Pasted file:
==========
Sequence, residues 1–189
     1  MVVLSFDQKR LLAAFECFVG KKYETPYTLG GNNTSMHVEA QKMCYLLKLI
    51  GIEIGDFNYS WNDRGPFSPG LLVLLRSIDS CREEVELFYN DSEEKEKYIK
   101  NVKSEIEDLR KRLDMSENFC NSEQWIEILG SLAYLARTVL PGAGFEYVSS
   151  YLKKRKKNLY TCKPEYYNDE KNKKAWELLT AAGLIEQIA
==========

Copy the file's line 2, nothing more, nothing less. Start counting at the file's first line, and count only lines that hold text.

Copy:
     1  MVVLSFDQKR LLAAFECFVG KKYETPYTLG GNNTSMHVEA QKMCYLLKLI